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Future of technology in education conference
by Tim Bush


The Future of Technology in Education (FOTE) Conference, organised by the University of London Computer Centre (ULCC), was held at the Royal Geographical Society on the 2nd October 2009. With representation from both the IT industry and the academic sector, FOTE09 brought together a diverse mix of speakers to share their thoughts and experiences around the 2 core themes for the day. The event was also streamed into Second Life by the virtual worlds specialists Virtually Linked

The key take away messages were centred around embracing the dramatic changes occurring as a result of the internet and the impact of us now living, studying and working in an ultra-networked world. This related to both the cloud computing and social media agendas. More specifically, though, there is currently a dichotomy between what learners expect and what academic institutions are typically delivering with regard to both technology and how and where teaching and learning is delivered. 

The key points from the diverse mix of presentations from the day are concisely expressed by a FOTE 09 delegate, Helen Hodges on the 'RSC Wales Teaching and Learning Blog': 

  • Embrace the cloud because it solves a problem you actually have, not just because it is cool (Dr Paul Miller, Cloud of Data)
  • We used to be navigators finding our way along planned routes through the wealth of information available to us … now we are explorers finding our own way (Ray Fleming, Microsoft)
  • Teachers and learners expect to be able to ‘plug and teach’ or ‘plug and learn’ i.e. they don’t want to have to know how all of the behind the scenes stuff works, they just want it to happen (Dr Bill Ashraf, University of Sussex)
  • Leeds Metropolitain University love Google Apps and have learnt that you need to get in there and just do it because if you don’t the students will and the universities (organisations) will just be following. (Robert Moores)
  • The world feels like it is spinning faster and faster  … technology has made the world more connected than ever before … the internet is changing everything … we need to change too (Will McInnes, Nixon/McInnes)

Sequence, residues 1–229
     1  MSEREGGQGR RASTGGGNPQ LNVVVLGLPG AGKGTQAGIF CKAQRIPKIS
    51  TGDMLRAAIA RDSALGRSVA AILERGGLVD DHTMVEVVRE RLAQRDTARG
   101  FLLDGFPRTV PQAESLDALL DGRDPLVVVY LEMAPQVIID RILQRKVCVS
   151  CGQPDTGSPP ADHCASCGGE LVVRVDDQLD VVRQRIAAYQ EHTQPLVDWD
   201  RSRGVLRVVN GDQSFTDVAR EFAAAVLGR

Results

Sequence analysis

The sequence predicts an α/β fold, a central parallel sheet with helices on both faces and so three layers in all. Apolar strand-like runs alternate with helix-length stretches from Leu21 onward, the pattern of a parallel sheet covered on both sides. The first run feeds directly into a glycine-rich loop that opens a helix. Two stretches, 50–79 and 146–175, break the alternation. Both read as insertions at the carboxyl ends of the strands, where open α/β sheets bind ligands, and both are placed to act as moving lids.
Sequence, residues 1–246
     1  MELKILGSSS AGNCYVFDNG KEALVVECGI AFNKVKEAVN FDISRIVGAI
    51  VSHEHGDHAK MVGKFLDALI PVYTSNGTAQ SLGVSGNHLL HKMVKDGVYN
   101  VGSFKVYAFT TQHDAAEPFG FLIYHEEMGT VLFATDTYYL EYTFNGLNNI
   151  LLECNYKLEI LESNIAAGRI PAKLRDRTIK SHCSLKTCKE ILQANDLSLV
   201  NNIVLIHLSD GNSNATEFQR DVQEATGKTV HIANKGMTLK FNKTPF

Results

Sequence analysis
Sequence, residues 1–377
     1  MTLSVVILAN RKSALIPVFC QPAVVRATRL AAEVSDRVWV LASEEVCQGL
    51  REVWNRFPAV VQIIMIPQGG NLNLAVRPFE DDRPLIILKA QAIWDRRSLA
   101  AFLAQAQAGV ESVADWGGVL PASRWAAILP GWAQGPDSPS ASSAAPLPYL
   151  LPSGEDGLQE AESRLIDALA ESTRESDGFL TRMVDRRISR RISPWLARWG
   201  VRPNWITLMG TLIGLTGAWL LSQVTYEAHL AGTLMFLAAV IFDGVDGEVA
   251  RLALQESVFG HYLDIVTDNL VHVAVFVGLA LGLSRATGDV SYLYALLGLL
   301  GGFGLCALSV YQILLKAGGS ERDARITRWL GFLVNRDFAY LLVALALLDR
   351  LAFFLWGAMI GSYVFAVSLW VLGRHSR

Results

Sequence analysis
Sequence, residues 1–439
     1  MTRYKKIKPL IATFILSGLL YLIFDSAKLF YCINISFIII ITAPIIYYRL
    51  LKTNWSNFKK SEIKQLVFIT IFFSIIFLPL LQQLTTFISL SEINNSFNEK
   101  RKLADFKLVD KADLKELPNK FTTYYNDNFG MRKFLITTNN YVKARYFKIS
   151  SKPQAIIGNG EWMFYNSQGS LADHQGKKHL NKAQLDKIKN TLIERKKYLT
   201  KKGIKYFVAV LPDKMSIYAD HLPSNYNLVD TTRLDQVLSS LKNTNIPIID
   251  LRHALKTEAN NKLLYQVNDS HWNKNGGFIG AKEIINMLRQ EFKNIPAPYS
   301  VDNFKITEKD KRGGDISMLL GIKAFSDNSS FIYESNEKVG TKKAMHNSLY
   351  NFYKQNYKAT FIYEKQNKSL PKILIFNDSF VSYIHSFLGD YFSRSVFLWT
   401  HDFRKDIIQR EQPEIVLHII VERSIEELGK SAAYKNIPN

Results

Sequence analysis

• Students and teachers need to understand the potential of technology to get the most out of it (James Clay, Gloucestershire College)
  • Things to do with regard to living (and educating) in a networked world: think globally not institutionally; the default for information needs to be ‘open’ not ‘closed’ so that people can always find what they are looking for; anything can be copied so don’t worry about it… and our role in all of this is as a ‘trusted guide’ (Nick Skelton, University of Bristol)
  • Universities have lots of good ’stuff’ that students (and others) don’t know is there … Oxford University have used iTunes U to help them with this (Peter Robinson, Oxford University).
  • Digital identity is not just about what you put on the web about yourself, its about what others put on there about you too (Shirley Williams, University of Reading)
  • We have to all accept that learning does not just happen in institutions … that degree certificates are probably not the best way of representing a person and their abilities to an employer … that if universities don’t give people what they want, how they want it then learning will still happen outside universities… it did before they existed, after all (Dougald Hine, School of Everything)

Videos of the presentations from the day are available from the conference website, www.fote-conference.com, and a more detailed overview of the keynotes and panels will be available for the December edition of the ALT newsletter. 

If readers have any ideas for speakers or themes for FOTE 10 then we would love to hear them. Please send any ideas to marketing@ulcc.ac.uk or contact us via Twitter at www.twitter.com/FOTiE.

Tim Bush
University of London Computer Centre
t.bush@ulcc.ac.uk

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